Empower with a Purpose

Posted on April 14, 2016

Strategic visioning is exciting. It allows you to operate at the 10,000 foot level, thinking ‘big picture’ of who you are and why you do what you do. You get excited about new initiatives, new plans you are putting in place, and the reaffirmation of your mission. But we all know the most difficult part of any self-reflection process is implementation. And we need help getting things done! 

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By the time your school reaches the ‘acting’ phase of the strategic planning process, faculty and staff should have a pretty clear understanding of your mission. How, then, do you move from an understanding of mission to implementation of strategic initiatives? This process is critical as you work to reinforce your school’s mission internally and externally and begin to create a more consistent brand experience for your constituents.

We all know the importance of empowering faculty, staff and students to be a part of decision-making processes, but empowering without guidance can be counter-productive. Top-down leadership is rarely effective when seeking community buy-in to new initiatives. However, providing structure and understanding to your faculty and staff creates empowerment with purpose, and ultimately, a culture ready to act!


Everyone likes to feel as though they are accomplishing something. They want to feel a part of the process, they just don’t always know what to do or how to do it. Sometimes strategic initiatives have a long-term scope, but the work that needs to be done to implement the initiative requires buy-in from everyone. Developing achievable, meaningful short-term checkpoints with clear objectives provides your faculty and staff with clear ways they can act on overarching strategic initiatives for the school.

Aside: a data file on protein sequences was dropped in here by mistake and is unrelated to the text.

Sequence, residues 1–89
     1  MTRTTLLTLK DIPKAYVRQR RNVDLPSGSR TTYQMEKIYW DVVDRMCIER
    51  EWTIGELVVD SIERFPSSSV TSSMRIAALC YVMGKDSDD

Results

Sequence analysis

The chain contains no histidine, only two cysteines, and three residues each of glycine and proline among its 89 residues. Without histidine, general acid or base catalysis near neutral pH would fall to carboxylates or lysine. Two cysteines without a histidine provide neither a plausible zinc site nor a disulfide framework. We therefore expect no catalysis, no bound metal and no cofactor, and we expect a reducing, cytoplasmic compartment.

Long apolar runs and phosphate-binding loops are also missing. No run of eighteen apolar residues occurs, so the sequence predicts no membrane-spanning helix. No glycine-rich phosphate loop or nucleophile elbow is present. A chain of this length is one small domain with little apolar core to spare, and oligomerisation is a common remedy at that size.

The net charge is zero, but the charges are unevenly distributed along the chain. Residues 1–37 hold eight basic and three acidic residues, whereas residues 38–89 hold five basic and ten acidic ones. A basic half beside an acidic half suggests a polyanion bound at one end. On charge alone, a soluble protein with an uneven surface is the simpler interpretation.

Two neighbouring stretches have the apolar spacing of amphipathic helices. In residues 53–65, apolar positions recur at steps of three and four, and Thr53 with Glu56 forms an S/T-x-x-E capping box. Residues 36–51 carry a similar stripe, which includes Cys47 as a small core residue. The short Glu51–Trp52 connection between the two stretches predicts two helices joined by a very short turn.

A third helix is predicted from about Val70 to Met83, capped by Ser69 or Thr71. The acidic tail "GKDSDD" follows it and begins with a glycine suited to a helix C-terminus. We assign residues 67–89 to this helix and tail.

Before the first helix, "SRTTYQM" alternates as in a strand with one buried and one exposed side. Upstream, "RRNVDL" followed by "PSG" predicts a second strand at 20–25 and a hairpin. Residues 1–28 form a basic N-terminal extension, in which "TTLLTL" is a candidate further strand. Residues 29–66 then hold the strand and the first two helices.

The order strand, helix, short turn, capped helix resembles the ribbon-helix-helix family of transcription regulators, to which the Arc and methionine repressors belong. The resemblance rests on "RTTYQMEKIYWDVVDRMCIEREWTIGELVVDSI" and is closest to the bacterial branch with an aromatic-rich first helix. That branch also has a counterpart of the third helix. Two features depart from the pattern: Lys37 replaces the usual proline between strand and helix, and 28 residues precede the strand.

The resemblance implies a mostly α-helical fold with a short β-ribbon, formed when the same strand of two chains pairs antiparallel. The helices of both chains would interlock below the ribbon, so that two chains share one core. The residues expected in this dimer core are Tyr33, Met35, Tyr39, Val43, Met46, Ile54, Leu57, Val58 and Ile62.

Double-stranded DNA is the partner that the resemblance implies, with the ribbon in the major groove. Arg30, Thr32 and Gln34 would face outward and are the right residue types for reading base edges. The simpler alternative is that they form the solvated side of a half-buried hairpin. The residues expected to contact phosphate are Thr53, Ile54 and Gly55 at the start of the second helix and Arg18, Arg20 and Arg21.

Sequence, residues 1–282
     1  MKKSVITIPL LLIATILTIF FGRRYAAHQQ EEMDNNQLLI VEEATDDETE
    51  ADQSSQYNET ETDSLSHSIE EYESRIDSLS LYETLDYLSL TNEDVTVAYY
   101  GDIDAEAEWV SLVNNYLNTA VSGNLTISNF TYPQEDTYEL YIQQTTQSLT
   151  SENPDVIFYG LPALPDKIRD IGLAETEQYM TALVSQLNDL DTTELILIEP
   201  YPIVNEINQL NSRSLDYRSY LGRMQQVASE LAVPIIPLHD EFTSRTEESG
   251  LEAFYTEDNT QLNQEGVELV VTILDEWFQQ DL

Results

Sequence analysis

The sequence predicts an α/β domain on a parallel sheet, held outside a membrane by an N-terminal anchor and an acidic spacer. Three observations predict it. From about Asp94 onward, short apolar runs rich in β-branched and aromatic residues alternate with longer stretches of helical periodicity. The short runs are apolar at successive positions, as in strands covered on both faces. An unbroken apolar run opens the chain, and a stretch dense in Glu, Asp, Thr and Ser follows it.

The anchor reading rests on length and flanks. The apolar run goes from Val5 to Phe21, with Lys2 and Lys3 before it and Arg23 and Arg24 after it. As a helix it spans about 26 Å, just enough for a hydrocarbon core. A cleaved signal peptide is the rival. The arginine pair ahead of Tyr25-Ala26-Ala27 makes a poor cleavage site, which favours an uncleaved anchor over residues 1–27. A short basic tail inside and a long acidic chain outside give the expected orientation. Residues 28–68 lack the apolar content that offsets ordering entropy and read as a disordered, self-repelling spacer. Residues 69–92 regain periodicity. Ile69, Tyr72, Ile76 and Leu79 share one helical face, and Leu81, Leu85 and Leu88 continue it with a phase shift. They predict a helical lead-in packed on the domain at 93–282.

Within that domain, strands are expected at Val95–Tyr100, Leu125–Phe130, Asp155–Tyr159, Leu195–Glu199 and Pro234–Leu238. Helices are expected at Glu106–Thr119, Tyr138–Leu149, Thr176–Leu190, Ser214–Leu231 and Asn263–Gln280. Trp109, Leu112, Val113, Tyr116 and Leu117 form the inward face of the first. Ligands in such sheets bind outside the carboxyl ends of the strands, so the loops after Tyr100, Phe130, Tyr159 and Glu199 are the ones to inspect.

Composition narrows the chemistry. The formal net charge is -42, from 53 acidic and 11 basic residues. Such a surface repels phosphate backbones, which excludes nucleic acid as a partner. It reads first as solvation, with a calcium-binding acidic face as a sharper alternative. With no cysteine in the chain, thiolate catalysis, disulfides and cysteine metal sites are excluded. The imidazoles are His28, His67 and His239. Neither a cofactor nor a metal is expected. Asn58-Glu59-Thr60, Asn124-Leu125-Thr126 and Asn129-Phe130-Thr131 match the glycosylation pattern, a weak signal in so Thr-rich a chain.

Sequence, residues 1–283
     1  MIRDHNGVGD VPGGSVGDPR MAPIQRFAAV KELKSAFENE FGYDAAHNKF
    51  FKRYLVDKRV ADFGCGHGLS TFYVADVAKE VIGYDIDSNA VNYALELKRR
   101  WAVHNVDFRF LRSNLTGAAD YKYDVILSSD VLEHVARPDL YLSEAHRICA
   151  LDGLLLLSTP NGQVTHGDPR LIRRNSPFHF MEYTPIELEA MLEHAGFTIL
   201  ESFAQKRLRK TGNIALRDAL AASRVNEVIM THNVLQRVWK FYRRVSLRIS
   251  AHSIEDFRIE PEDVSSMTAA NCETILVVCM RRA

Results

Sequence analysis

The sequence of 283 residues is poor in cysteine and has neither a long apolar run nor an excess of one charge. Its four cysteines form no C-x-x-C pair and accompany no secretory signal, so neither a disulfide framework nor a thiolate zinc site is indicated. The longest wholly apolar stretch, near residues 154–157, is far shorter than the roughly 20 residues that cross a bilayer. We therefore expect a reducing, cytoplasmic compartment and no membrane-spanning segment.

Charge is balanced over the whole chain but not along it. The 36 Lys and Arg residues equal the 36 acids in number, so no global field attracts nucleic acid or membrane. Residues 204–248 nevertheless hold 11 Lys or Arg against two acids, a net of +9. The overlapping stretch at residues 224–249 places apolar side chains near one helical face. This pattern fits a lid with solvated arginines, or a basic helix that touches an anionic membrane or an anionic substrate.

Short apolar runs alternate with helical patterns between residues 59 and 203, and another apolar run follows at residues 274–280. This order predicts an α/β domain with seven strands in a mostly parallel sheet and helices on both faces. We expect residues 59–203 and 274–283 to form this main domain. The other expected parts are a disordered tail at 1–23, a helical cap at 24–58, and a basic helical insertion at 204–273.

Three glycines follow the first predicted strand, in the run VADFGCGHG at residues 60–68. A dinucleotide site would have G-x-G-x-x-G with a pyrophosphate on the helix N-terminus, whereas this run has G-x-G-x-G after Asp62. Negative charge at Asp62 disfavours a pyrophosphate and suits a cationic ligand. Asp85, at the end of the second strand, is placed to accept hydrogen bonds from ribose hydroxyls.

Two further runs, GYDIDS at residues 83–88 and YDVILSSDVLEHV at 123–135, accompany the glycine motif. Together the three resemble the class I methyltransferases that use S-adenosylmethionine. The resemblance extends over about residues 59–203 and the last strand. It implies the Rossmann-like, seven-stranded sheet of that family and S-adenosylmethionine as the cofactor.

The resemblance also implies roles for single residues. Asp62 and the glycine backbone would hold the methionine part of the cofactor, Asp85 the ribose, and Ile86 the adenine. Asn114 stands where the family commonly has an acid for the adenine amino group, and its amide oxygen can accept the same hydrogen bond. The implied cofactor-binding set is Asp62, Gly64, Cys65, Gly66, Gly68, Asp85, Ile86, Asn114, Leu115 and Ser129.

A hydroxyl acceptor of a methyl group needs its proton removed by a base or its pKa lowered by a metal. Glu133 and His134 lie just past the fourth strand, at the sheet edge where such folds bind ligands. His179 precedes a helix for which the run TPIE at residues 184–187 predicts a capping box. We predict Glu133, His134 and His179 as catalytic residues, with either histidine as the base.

This may seem like obvious advice, but too often faculty, staff, and students do not fully understand the ‘why’ behind the things they are being asked to do. In order to effectively empower your team, take time to explore the rationale behind strategic initiatives. Discuss the power of a cohesive brand, and how they play a role in developing that brand. Identify leaders within the internal community who can take ownership of the short-term checkpoints you develop and spark on-going conversations around the ‘why’ of your initiatives will prove crucial to developing the momentum to act that you crave!


Finally, since ‘acting’ on strategic initiatives is by far the most challenging aspect of the process, celebrate what your group has done along the way! Here’s one example of how Proctor Academy celebrated the first stages of their implementation process. It is nothing fancy, nothing over-the-top, but intentionally celebrates the hard work done during the reflecting and planning processes, while establishing the ‘why’ behind this phase of the implementation process. You don’t have to wait until the entire implementation process is complete to celebrate, identify opportunities to recognize the hard work done by your school along the way as a way to continue to build momentum, buy-in, and further empower your school to live its mission.

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